Another Layton resident, the late Gail Strasburg, also worked many years in his youth at the Davis Drive-In. He once said he really enjoyed working there and that it was a tradition for many area families to go there – not just for the movies, but to be out in the evening air, socialize and be much more active/loud than indoor theater goers can be today.
In March 1958 the Davis Drive-In was the first theater bought by Tony Rudman, Sr., who later helped found the Trolley Theatres and Westates Theatres chains.
Two months after his father bought the Davis Drive-In, Tony Rudman Jr. was born. As a boy, TJ’s job was to patrol the drive-in. “Sneaky teens clambering out of car trunks would freeze in the beam from Tony’s flashlight,” Tony Rudman, Jr. recalled.
On the Fourth of July the Rudmans would also entertain audiences at the Davis Drive-In with fireworks. “We’d shoot ’em into an alfalfa field,” Tony Rudman, Jr. said. “We’d always set it on fire, and always had the fire department there to put it out. It was a great way to grow up.”
The prime years from the Davis Drive-In were probably from 1968-1980. During that 12-year span, Layton City didn’t have an indoor theater – the Davis Drive-In was supreme.
Soon the Davis Drive-In was located just across I-15 from the popular Layton Hills Mall, which opened in 1980 and also included an adjacent indoor move theater. That nearby movie complex expanded even more in 1990.
“Drive-ins are just a thing of the past,” McElyea had told the Deseret News. “Indoor movie attendance, dollar houses and videos are raising heck … Drive-ins are a lot more expensive to operate.”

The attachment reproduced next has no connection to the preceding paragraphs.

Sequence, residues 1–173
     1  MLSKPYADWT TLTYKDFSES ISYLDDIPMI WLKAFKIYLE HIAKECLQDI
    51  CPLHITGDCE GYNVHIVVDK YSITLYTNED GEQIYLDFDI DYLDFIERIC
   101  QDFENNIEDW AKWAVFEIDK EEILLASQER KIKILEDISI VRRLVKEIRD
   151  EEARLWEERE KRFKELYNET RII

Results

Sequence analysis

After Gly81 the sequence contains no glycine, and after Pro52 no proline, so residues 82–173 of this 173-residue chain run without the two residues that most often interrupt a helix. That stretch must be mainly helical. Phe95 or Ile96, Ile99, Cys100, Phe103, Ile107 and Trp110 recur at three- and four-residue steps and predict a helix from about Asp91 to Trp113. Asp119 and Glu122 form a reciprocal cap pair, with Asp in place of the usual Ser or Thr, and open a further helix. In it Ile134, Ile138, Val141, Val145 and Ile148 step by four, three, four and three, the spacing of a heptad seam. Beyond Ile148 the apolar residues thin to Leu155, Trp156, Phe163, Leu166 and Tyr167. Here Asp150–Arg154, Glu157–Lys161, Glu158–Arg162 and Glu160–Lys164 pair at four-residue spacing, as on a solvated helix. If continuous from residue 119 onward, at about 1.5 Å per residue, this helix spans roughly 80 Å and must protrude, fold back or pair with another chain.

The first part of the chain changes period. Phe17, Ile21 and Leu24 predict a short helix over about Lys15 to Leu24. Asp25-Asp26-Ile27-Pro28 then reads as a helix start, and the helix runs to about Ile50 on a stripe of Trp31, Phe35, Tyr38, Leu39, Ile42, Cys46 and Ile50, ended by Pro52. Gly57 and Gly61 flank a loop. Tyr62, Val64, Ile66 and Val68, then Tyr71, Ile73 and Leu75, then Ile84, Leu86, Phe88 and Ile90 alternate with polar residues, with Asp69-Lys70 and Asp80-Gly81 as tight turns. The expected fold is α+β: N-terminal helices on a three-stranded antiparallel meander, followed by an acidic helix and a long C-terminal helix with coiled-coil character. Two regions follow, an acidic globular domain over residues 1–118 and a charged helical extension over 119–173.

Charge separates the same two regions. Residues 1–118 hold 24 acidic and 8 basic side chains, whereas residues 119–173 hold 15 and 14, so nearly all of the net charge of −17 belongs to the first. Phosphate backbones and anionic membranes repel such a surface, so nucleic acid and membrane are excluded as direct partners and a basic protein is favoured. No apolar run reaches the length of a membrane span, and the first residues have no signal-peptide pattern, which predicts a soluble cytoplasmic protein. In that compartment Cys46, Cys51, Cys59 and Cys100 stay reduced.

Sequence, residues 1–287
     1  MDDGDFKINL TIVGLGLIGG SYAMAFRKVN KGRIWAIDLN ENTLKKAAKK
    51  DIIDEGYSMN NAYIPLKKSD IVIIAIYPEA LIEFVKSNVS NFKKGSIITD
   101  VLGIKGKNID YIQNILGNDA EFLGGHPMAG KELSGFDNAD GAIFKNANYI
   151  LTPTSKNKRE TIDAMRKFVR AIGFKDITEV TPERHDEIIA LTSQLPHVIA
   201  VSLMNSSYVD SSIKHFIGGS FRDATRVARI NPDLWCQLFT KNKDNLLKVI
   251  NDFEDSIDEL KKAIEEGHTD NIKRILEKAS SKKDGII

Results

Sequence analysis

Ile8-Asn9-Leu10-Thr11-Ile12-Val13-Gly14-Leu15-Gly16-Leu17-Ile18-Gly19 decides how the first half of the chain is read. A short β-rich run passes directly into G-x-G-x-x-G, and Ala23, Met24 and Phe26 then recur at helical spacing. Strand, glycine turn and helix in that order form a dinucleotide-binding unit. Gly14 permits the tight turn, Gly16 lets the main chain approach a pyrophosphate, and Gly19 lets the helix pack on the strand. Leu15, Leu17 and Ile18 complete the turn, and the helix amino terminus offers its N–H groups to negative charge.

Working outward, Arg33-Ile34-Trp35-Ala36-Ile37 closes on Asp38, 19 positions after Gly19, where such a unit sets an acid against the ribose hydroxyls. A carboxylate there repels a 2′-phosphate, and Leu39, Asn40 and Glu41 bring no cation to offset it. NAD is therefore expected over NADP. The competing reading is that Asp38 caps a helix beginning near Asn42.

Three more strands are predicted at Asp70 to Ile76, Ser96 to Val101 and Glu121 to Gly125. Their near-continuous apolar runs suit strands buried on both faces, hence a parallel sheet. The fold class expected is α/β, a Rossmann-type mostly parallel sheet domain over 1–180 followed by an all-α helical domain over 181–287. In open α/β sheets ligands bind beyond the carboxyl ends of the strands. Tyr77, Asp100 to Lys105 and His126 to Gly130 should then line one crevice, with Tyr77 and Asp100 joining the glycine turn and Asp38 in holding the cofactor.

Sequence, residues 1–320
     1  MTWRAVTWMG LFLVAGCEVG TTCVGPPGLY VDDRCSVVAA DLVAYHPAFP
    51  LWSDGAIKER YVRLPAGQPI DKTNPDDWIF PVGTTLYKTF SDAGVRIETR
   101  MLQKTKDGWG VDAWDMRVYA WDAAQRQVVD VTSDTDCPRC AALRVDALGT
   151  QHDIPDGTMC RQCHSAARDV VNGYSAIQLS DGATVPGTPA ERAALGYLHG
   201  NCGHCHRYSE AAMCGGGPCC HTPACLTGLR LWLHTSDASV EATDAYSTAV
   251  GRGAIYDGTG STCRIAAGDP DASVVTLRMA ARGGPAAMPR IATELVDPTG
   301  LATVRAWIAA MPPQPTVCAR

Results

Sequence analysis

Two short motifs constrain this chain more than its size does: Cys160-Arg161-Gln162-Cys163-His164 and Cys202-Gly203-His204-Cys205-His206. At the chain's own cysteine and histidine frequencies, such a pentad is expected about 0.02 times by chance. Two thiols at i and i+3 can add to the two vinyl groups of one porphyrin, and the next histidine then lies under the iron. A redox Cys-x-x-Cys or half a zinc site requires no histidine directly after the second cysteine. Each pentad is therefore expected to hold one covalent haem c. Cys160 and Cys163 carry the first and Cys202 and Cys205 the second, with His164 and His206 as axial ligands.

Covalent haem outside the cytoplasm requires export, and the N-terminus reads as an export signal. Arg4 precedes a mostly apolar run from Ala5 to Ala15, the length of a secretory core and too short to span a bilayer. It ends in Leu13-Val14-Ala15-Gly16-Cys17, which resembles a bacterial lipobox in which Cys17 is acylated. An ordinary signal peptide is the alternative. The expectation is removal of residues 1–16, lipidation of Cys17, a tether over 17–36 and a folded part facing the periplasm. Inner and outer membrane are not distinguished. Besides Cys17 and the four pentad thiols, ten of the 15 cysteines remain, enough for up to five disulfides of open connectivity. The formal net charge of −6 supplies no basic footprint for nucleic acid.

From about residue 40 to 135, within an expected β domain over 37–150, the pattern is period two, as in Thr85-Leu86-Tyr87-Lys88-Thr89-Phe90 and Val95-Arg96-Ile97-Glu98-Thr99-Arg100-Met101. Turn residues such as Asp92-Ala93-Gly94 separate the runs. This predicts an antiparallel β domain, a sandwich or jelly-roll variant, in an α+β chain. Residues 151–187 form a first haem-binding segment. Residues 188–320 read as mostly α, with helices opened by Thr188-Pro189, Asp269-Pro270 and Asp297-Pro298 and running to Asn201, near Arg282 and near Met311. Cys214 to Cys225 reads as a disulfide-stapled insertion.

The advent of video rentals in the 1980s also put pressure on Drive-In attendance.
While indoor theaters could gain considerable profit from selling concessions, there’s no way to stop drive-in patrons from bringing in their own food at a drive-in. In fact, that uniqueness became the trademark of a drive-in.
The Davis Drive-In used old carbon-type projectors, that would one day be very expensive to replace. A theater’s movie rentals also became particularly expensive. By the late 1980s, theaters had to turn over about 80 percent of their gate profits back to the movie distributors on first-run movies. For second-run flicks, the figure was 50 percent, but such films attracted a lot fewer patrons.
In the 1950s, McElyea had said he could rent a new movie for only $150 a week. Vandalism and theft also plagued drive-ins — a stolen or broken car speaker costs more than $30 to replace.
The Davis Drive-In employed as many as 16 people in its heyday, with two screens, with a capacity of 800 to 900 cars each.
Some drive-ins started having expanded operations to include weekly swap meets, in order to make ends meet – and that was briefly tried at the Davis Drive-In. However, it didn’t work well and was not financially practical.
In the spring of 1991 the Davis Drive-In opened for its final season. Believing that the 23-acre site was worth more as prime commercial property than as a drive-in, the Rudmans put the theater up for sale. In November of 1992 developers demolished the Davis Drive-In to make the site more attractive to a potential buyer.
However, Kohl’s didn’t open until 2004 on the former drive-in’s site. Today, the Motor-Vu Drive-In in Riverdale, some 9 miles distant is the closest outdoor theater to Layton. Only a handful of drive-ins remain in Utah today.
SOURCES: Deseret News Archives, personal interviews.
Aerial View of Davis Drive In
The First Movies shown at Davis Drive In April 21, 1950